Measuring Health in Coffee Farm Workers in Rural Nicaragua: What Matters?
Greiner, Philip A.
Greiner, Lydia H.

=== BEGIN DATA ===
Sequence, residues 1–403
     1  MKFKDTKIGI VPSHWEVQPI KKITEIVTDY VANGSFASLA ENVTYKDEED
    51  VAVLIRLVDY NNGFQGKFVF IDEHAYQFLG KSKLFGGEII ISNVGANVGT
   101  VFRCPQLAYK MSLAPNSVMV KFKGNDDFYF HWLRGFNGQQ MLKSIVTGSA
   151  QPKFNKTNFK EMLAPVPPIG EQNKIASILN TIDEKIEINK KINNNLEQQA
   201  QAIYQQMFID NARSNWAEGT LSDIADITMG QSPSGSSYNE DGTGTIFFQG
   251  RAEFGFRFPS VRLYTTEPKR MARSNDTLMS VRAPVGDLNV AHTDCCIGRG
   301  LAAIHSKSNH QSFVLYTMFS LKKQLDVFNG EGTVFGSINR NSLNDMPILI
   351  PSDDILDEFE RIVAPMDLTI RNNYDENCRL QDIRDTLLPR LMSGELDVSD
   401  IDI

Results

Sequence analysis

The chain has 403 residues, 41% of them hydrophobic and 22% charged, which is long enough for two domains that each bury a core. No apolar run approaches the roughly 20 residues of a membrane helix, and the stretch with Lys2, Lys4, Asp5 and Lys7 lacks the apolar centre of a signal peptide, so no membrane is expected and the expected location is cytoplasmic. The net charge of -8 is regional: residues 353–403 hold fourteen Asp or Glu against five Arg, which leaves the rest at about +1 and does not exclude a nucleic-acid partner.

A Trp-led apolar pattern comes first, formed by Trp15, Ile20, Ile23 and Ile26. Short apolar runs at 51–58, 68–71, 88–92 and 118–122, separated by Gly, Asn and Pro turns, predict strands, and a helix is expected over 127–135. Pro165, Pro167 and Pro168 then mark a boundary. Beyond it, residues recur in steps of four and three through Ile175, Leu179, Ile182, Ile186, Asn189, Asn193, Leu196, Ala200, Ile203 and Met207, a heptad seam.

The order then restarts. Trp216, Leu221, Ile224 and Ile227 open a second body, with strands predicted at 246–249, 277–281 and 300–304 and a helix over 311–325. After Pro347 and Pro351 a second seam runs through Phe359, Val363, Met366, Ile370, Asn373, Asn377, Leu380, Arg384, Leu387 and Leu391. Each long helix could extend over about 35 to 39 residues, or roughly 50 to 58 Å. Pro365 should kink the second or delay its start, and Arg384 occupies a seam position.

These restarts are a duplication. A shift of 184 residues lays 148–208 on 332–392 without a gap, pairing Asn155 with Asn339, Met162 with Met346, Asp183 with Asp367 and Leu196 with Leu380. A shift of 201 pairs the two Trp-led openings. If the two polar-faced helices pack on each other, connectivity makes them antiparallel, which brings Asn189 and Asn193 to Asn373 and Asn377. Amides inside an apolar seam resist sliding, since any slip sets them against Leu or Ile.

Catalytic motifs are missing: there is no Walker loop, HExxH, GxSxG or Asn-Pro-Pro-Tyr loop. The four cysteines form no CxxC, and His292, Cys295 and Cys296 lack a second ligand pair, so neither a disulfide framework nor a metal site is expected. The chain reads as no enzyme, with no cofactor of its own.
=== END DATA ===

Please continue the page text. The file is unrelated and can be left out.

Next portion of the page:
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Session presented on Monday, July 27, 2015: Purpose: Nicaragua is a country with nearly 6 million inhabitants and is considered the second poorest country in Latin America. In Nicaragua, rural areas contain 45 % of the country's population, yet 65% of the poor and 80% of the extreme poor live in these areas. The average expenditure for the urban poor is 11% below the poverty line, while the rural poor are 37% below. The Nicaraguan poverty profile also demonstrates major regional disparities, with areas like Jinotega (north central area) being disproportionately affected by extreme poverty (World Bank, 2008). Rural poverty is often more profound than urban poverty, with rural communities facing multiple challenges which may put them more at risk for negative health outcomes. Stressors include inhospitable physical terrains, inadequate infrastructure on many roads, sparse electricity, and often unreliable water sources. Migrant and non-migrant agricultural farm workers are considered vulnerable populations with limited access to appropriate care (WHO, 2008). Migrant workers, especially, are considered a marginalized population and may face an assortment of health challenges like infectious diseases, chemical and pesticide related illnesses, heat related illnesses, traumatic injuries, poor dietary options, respiratory conditions and mental illness (Hansen & Donohoe, 2003). Health screenings and health promotion were identified as a needed/missing services by the on-site nurse at two rural coffee farms in Nicaragua.This purpose of this presentation will be to describe health-related factors in coffee farm workers (migrant and non-migrant) in rural Nicaragua. Current data (hypertension, blood glucose and BMI) and areas for health promotion are explored in this rural population, of which little is currently known. Methods: The study was conducted at 2 neighboring coffee farms in north central Nicaragua. Free health fairs were held during one week in January, 2014. All workers (migrant and non- migrant) were invited to attend. Demographic characteristics, access to health services, self-rated health and specific lifestyle factors were measured using selected items from the Central American Diabetes Initiative (CAMDI) survey. Additional data included blood pressure, blood glucose, height and weights, collected by senior US nursing students completing a public health nursing clinical rotation. Results: A total of 256 people participated in the fairs/screenings. The participants ages ranged from 18-75, 52% were male and 76% had either no formal schooling or only completed the primary grades. Nearly 76 % of the sample had never had their blood sugar tested (FBS ranged from 62-548 mg/dl) and 30% had never had a blood pressure check (SBP range from 90 ??? 172; DBP range from 52-120). Complete data was available on 212 workers. Correlation and multiple regression analyses were conducted using SPSS v 21 to examine the relationship between self-rated health and various potential predictors. Self-rated health was significantly correlated with sex, age, days missed due to illness, days worked sick, glucose, blood pressure (SBP and DBP), BMI, 'lifestyle factors' (smoking, salt intake and education level) and environmental factors (what farm the live on and whether or not they are migrant workers). The multiple regression model with all of these predictors produced R2 = .166, F (13, 181) = 2.77, p < .001. Only age, days worked sick, glucose and systolic BP were significant. Conclusion: There is limited information available on the health of rural coffee farm workers in Nicaragua. These data would suggest that as age, days worked sick, and glucose increase, self-ratings of health decrease. Next steps would include investigating what constitutes 'sick' in the context of these farm workers. In order to maintain a community based participatory research methodology, exploration would include follow-up interview questions or focus groups to elicit more information regarding standard diets and care for patients who work on coffee farms and live with diabetes. Since most meals are prepared on-site and provided to the workers for free, potential health promotion could center on food modifications at these meals and a broader range of healthy foods for purchase at on-site bodegas. Such changes would require education and negotiation with the farm administrators.